Nodes: 2 node(s) with storage (2 online)
        IP              ID                                      SchedulerNodeName       Auth            StorageNode     Used    Capacity        Status  StorageStatus       Version         Kernel                  OS
        192.168.121.196 f6d87392-81f4-459a-b3d4-fad8c65b8edc    username-k8s1-node0      Disabled        Yes             10 GiB  3.0 TiB         Online  Up 2.11.0-81faacc   3.10.0-1127.el7.x86_64  CentOS Linux 7 (Core)
        192.168.121.99  788bf810-57c4-4df1-9a5a-70c31d0f478e    username-k8s1-node1      Disabled        Yes             10 GiB  3.0 TiB         Online  Up (This node)      2.11.0-81faacc  3.10.0-1127.el7.x86_64  CentOS Linux 7 (Core)
Global Storage Pool
        Total Used      :  20 GiB
        Total Capacity  :  6.0 TiB

The Portworx status will display PX is operational if your cluster is running as intended.

Verify pxctl cluster provision status

  • Find the storage cluster, the status should show as Online:

    oc -n kube-system get storagecluster
    NAME                                              CLUSTER UUID                           STATUS   VERSION   AGE
    px-cluster-1c3edc42-4541-48fc-b173-3e9bf3cd834d   33a82fe9-d93b-435b-943e-6f3fd5522eae   Online   2.11.0    10m
  • Find the storage nodes, the statuses should show as Online:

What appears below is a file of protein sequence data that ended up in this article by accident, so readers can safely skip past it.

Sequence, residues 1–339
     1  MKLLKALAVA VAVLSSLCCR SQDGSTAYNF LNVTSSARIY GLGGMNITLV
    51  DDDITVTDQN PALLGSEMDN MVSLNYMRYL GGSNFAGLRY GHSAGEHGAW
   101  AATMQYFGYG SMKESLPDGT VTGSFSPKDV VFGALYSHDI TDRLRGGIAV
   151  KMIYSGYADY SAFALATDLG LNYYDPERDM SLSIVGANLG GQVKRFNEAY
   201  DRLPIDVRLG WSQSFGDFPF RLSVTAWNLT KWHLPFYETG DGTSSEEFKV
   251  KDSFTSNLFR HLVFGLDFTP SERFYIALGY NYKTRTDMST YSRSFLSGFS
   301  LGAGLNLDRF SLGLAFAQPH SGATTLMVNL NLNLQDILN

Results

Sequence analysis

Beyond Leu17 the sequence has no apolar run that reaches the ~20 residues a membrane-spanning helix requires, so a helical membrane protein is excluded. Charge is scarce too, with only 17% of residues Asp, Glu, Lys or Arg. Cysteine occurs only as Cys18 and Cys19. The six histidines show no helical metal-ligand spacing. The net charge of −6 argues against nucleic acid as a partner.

oc -n kube-system get storagenodes
    NAME                  ID                                     STATUS   VERSION          AGE
    username-k8s1-node0   f6d87392-81f4-459a-b3d4-fad8c65b8edc   Online   2.11.0-81faacc   11m
    username-k8s1-node1   788bf810-57c4-4df1-9a5a-70c31d0f478e   Online   2.11.0-81faacc   11m
  • Verify the Portworx cluster provision status . Enter the following oc exec command, specifying the pod name you retrieved in the previous section:

    oc exec px-cluster-1c3edc42-4541-48fc-b173-3e9bf3cd834d-vpptx -n kube-system -- /opt/pwx/bin/pxctl cluster provision-status
    Defaulted container "portworx" out of: portworx, csi-node-driver-registrar
    NODE                                    NODE STATUS     POOL                                            POOL STATUS     IO_PRIORITY     SIZE    AVAILABLE  USED     PROVISIONED     ZONE    REGION  RACK
    788bf810-57c4-4df1-9a5a-70c31d0f478e    Up              0 ( 96e7ff01-fcff-4715-b61b-4d74ecc7e159 )      Online          HIGH            3.0 TiB 3.0 TiB    10 GiB   0 B             default default default
    f6d87392-81f4-459a-b3d4-fad8c65b8edc    Up              0 ( e06386e7-b769-4ce0-b674-97e4359e57c0 )      Online          HIGH            3.0 TiB 3.0 TiB    10 GiB   0 B             default default default

Create your first StorageClass and PVC